A man and woman meet by chance at a romantic inn over dinner. Although both are married to others, they find themselves in the same bed the next morning questioning how this could have ...
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Edna Mae Macaulay experiences the afterlife for a brief time after a car accident that kills her husband. As she begins her long process of physical healing, she discovers that she has the ... See full summary »
A man and woman meet by chance at a romantic inn over dinner. Although both are married to others, they find themselves in the same bed the next morning questioning how this could have happened. They agree to meet on the same weekend each year. Originally a stage play, the two are seen changing, years apart, always in the same room in different scenes. Each of them always appears on schedule, but as time goes on each has some personal crisis that the other helps them through, often without both of them understanding what is going on. Written by
John Vogel <email@example.com>
This film, like its source Bernard Slade play, has a unique narrative, whereby each section of the story occurs in roughly five year intervals. See more »
The morning of the first encounter, Doris goes into the bathroom to take a bath. The sheet she has wrapped around herself keeps changing positions. It covers both shoulders when she is outside and only one when she is in the bathroom. See more »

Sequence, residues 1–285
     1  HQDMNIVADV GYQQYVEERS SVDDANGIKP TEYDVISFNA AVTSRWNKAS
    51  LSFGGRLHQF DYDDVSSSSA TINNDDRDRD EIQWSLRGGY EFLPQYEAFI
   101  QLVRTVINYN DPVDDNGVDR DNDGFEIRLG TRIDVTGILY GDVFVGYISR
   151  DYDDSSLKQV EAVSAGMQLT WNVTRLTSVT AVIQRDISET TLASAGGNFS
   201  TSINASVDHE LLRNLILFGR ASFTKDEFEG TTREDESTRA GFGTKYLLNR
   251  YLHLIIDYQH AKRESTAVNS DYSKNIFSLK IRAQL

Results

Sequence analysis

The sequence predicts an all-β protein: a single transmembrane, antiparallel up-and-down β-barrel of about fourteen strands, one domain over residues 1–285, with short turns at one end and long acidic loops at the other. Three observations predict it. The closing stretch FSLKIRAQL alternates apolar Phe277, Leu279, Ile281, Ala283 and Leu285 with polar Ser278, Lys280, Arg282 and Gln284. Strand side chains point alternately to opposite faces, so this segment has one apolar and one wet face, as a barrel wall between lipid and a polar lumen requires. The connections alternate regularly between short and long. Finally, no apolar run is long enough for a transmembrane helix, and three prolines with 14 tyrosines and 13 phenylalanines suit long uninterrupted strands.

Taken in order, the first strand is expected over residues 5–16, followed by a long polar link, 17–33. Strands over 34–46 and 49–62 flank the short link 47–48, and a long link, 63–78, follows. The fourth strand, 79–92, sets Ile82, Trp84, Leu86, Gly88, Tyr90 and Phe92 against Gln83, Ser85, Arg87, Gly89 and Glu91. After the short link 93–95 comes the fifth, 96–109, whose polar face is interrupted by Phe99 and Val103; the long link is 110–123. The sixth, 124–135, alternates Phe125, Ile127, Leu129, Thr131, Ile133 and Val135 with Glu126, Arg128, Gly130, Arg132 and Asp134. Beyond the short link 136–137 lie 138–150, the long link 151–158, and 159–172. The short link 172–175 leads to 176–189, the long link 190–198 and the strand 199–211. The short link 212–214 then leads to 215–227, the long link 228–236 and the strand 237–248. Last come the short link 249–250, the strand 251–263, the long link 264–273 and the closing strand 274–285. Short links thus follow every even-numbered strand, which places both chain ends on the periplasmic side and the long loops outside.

Do you have any pictures?
Pictures of your kids.
Well, yeah, but I don't think this the the time or place...
Come on, come on. If you show me yours I will show you mine.
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Robert Mulligan (Summer of '42, To Kill a Mockingbird) has directed some great movies. I love Summer of 42, and have watched it several times. The movie at hand has the same bitter sweet and melancholic mood to it. I just love the writing of Bernard Slade because it is witty and ironic. The same moment the audience feels what George, played by Alan Alda (Jake's Women, Everyone Says I Love You) and Doris, Ellen Burstyn (The Exorcist, How to Make an American Quilt) are doing is wrong, the audience loves the characters because they are so cute, funny, and saying those great lines. It is ironic how as George keeps saying how wrong it is and keeps lying to Doris about how many kids he has, the more entangled he gets with his big sin. She is a Catholic girl who is dealing with her guiltiness in a very secretive way. Much like Forest Gump this movie takes us through a journey in history and it made me think about the years that I lived through and learned more about the years before I was born. All those images with the background of original music by Marvin Hamlisch with lyrics by Oscar winners Alan and Marilyn Bergman (Summer of 42, Yentl). For some reason I always thought that the writer was Neil Simon (The Goodbye Girl, Jake's Women). My guess is because stylistically this movie has a Neil Simon feel. Another reason is because all those New York veterans like Alda and Burstyn are leading characters. The acting is superb. The music is great. Everything about this movie touched my soul, regardless of the adulterous relationship. Both characters adored their families and became confidants throughout the years. I was moved by the scene where George's son died he found Doris arms to cry in when he did not even cry at the son's funeral. This is both sad, sweet and ironic. This movie has so many great lines that I could not pick all the ones I liked, but I am going to just quote one small dialogue that I liked. George: "Why do you have to look so luminous?" Doris: " God just figured that chubby tights were enough." Favorite Scenes: When George cries because his favorite son dies in Vietnam; their last meeting in their movie after Helen died. This is a very touching movie.
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